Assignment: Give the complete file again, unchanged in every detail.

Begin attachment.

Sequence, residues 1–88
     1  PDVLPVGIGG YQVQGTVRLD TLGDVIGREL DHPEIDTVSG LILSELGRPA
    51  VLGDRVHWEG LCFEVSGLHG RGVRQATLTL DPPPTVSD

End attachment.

Sequence, residues 1–88
     1  PDVLPVGIGG YQVQGTVRLD TLGDVIGREL DHPEIDTVSG LILSELGRPA
    51  VLGDRVHWEG LCFEVSGLHG RGVRQATLTL DPPPTVSD